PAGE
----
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UN court orders retrial of Serbian secret police chiefs

The UN war crimes tribunal for the former Yugoslavia has ordered the retrial of two Serbian security officials. The men had been acquitted of war crimes and crimes against humanity by the court in 2013.

Judges of the UN International Criminal Tribunal for the former Yugoslavia's (ICTY) appeals chamber on Tuesday ordered the retrial of two Serbian secret police officials after they were acquitted of war crimes and crimes against humanity in 2013.

According to the judgment, the appeals judges said that Jovica Stanisic, the ex-chief of Serbia's state security service (DB), and his deputy Franko Simatovic, were mistakenly acquitted of five charges of war crimes and crimes against humanity committed in the early 1990s amid the breakup of the former Yugoslavia.

"The appeals chamber orders that Stanisic and Simatovic be retried on all counts of the indictment," said Judge Fausto Pocar in the judgment.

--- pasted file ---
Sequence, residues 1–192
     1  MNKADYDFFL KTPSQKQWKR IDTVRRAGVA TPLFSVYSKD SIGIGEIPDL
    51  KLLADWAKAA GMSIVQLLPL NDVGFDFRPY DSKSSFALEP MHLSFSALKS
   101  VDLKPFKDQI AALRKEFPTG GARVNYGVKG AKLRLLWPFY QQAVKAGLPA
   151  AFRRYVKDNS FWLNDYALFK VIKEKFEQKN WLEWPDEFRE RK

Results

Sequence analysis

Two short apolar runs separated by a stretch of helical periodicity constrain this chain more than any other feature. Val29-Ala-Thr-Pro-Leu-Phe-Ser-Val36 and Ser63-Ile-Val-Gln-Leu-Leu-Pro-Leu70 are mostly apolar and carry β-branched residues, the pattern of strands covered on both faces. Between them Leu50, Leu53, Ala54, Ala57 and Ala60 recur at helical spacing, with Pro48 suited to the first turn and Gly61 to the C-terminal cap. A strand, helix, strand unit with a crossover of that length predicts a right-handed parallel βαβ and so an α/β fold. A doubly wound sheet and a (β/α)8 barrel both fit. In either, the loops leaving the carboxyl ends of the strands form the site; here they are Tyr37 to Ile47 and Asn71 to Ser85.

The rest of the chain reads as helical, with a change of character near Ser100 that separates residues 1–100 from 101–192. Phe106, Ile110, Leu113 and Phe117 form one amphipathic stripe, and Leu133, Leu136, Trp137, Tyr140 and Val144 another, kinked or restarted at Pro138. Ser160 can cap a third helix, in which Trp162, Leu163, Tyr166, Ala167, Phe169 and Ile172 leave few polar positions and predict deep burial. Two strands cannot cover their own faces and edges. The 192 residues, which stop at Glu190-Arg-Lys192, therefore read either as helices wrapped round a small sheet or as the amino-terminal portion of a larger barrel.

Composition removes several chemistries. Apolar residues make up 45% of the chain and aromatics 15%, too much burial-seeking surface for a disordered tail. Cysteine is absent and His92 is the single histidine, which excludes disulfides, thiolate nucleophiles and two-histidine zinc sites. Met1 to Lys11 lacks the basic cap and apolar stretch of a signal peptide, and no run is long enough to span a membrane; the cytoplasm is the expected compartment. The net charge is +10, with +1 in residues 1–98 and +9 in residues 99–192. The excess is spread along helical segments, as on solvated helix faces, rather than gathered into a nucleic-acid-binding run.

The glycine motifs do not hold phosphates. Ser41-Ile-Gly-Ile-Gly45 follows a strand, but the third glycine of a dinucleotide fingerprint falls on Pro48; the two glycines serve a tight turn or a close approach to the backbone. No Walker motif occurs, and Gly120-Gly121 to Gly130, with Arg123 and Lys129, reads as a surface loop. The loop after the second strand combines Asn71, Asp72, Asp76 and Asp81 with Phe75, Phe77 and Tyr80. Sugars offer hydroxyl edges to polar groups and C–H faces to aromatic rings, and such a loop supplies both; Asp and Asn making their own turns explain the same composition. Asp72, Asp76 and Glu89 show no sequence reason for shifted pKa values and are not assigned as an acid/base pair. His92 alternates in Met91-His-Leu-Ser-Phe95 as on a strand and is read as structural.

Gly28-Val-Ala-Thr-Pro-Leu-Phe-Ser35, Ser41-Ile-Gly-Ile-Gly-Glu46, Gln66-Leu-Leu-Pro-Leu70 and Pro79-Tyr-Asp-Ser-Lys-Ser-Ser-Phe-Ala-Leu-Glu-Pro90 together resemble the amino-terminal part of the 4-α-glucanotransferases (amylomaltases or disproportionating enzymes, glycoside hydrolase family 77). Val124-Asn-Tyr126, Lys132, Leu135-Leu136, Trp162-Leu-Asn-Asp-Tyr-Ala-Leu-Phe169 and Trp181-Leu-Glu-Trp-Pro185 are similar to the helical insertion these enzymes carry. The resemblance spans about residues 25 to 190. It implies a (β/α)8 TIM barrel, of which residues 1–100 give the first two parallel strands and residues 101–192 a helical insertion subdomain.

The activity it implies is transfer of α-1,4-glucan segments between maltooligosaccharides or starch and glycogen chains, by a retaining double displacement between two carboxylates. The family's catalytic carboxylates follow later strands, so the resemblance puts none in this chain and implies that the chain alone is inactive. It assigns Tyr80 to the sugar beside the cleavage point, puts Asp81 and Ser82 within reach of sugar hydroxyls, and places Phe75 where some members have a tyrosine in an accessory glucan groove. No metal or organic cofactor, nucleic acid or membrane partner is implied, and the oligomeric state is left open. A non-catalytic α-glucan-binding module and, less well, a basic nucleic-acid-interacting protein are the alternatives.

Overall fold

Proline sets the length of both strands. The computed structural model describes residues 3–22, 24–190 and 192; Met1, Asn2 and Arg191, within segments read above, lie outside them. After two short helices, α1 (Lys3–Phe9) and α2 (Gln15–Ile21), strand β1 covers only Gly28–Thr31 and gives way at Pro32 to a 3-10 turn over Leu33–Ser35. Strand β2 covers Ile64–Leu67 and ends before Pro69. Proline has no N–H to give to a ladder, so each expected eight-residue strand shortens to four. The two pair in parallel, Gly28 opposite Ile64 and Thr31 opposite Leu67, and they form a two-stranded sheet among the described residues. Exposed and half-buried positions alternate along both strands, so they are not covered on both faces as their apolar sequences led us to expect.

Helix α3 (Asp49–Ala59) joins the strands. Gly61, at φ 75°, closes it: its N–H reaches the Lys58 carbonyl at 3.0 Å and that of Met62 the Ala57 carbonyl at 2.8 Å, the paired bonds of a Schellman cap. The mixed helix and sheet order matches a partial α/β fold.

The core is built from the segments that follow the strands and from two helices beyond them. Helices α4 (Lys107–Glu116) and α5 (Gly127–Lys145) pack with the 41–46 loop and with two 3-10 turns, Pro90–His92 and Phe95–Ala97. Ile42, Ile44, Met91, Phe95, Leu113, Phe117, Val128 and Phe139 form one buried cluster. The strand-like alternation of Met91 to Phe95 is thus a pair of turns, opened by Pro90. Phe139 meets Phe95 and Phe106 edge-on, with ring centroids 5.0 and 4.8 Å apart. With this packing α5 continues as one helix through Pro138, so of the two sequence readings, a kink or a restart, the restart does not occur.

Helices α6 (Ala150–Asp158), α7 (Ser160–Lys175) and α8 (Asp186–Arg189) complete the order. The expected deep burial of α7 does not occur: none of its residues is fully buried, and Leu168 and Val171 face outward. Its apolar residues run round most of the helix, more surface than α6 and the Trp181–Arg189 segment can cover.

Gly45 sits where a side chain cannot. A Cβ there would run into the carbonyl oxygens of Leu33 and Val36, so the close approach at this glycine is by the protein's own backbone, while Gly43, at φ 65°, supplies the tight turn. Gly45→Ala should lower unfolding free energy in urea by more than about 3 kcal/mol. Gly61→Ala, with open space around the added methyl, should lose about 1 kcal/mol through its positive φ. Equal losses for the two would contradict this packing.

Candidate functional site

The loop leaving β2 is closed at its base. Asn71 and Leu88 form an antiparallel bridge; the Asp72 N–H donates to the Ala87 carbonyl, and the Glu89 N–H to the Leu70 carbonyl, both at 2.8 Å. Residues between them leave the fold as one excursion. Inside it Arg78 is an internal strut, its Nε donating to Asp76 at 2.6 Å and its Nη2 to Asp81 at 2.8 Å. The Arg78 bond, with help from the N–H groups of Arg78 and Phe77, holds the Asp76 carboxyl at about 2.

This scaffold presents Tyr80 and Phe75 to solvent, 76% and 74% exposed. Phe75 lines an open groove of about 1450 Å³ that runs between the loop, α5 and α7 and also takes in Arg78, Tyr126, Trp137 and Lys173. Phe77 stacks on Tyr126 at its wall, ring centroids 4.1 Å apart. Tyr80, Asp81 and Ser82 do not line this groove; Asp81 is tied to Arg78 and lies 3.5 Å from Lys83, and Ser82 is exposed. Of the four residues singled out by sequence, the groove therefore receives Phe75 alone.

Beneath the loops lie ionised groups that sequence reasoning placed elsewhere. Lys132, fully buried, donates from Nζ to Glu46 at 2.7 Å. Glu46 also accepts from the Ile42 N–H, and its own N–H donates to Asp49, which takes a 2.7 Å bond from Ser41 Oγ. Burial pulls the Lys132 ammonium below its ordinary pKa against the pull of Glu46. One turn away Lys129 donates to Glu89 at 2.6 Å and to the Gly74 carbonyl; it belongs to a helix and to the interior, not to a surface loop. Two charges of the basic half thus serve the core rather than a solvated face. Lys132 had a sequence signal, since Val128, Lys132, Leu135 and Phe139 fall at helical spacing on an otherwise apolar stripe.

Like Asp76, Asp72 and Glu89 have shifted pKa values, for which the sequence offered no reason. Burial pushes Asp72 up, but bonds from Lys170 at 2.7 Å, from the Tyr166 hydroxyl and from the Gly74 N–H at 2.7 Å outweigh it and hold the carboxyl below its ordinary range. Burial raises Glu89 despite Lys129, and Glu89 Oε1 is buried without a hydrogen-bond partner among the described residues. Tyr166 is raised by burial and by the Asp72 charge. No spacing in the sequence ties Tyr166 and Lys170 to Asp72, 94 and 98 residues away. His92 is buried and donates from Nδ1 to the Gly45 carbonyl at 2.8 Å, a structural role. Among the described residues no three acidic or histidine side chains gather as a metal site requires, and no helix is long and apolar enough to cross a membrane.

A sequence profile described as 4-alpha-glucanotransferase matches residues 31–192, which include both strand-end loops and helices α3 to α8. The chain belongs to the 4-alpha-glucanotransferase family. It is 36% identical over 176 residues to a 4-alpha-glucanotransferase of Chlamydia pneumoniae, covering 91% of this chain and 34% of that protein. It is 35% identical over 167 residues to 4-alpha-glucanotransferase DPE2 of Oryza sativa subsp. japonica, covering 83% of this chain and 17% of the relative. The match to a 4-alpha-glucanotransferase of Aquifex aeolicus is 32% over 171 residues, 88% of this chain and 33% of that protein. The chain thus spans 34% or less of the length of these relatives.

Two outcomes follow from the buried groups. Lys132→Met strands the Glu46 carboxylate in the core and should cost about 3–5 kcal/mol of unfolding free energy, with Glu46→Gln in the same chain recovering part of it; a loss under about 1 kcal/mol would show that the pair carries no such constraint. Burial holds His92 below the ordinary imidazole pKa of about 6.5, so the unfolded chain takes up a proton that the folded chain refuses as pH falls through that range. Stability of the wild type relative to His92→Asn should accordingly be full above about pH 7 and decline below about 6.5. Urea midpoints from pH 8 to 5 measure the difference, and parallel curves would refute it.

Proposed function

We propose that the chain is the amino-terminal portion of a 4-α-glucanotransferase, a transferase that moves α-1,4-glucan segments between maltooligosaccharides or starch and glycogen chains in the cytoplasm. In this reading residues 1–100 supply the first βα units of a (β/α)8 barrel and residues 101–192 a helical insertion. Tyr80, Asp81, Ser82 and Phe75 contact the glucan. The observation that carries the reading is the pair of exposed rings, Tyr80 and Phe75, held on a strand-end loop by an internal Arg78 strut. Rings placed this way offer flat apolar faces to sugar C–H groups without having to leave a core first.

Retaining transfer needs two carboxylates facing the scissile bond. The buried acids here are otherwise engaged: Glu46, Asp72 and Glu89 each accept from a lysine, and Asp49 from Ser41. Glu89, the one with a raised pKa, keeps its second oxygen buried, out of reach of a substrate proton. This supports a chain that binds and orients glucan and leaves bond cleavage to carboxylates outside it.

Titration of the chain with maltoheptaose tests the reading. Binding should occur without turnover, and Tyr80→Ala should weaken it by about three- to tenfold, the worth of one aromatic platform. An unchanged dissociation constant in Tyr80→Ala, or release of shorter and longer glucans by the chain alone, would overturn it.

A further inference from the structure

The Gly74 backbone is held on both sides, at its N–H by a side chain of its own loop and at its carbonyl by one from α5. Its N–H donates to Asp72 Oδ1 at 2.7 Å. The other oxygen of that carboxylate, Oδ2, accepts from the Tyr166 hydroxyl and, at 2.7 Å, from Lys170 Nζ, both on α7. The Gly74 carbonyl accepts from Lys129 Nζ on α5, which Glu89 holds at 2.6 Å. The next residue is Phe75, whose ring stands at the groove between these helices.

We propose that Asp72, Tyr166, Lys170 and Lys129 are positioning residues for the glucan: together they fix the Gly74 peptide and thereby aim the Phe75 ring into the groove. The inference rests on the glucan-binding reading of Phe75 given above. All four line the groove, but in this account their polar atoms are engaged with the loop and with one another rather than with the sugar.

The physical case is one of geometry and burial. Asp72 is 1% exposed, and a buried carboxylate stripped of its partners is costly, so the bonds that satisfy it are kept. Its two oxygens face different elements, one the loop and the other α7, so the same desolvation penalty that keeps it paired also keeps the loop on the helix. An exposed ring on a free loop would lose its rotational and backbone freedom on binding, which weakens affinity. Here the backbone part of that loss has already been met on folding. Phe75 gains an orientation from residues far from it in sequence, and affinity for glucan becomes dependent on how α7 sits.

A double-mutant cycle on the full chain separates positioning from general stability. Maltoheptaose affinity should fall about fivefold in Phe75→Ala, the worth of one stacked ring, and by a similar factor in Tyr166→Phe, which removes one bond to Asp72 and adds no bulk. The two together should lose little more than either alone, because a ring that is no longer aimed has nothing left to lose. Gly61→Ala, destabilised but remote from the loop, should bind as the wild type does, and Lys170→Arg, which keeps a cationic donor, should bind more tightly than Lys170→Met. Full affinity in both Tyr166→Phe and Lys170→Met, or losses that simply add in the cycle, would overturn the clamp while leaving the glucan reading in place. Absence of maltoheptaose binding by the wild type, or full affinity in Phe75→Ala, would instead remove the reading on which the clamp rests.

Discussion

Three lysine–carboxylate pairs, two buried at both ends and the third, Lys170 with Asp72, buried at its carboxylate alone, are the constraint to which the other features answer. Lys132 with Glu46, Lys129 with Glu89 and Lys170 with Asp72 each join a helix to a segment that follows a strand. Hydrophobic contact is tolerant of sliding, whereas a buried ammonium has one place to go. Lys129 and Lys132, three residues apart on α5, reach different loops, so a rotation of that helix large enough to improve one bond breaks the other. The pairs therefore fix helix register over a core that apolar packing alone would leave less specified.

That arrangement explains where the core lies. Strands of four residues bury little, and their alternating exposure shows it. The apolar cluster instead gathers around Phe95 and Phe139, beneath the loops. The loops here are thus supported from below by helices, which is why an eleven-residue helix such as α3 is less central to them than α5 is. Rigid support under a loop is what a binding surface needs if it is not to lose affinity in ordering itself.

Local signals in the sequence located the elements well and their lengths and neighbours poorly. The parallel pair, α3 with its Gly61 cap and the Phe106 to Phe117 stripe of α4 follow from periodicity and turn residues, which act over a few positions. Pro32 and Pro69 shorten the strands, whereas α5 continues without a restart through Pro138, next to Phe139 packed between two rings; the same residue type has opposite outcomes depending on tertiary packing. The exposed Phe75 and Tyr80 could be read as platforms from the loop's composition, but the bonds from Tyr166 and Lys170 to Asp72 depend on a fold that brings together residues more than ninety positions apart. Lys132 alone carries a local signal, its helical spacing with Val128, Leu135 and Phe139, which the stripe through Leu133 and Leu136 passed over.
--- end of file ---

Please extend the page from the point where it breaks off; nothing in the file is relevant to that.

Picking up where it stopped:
"The appeals chamber…finds that the trial chamber erred in law in requiring that the acts of the aider or abettor be specifically directed to assist the commission of a crime," Pocar added.

Prosecutors charged the two men with organizing, financing and supplying Serbian paramilitary groups, including the Scorpions and the Tigers, known for committing some of the worst atrocities during the Yugoslav wars.

While Stanisic and Simatovic ordered the units to enter Croatia and Bosnia, ICTY judges in 2013 said that they could not be held criminally responsible for the killings carried out by the groups - since there was insufficient evidence that the former security officials "specifically directed" the crimes.

The appeals chamber did not specify when the retrial would begin.

The ICTY was originally formed in 1993 to try suspected war criminals of conflicts spurred by the break of Yugoslavia. Former Serbian President Slobodan Milosovic was tried by the UN war crimes tribunal, although he died in detention in 2006 prior to a verdict.

More than 100,000 people were killed in the Yugoslav wars that prompted the creation of six successor states, plus Kosovo.

ls/msh (AFP, Reuters, AP, dpa)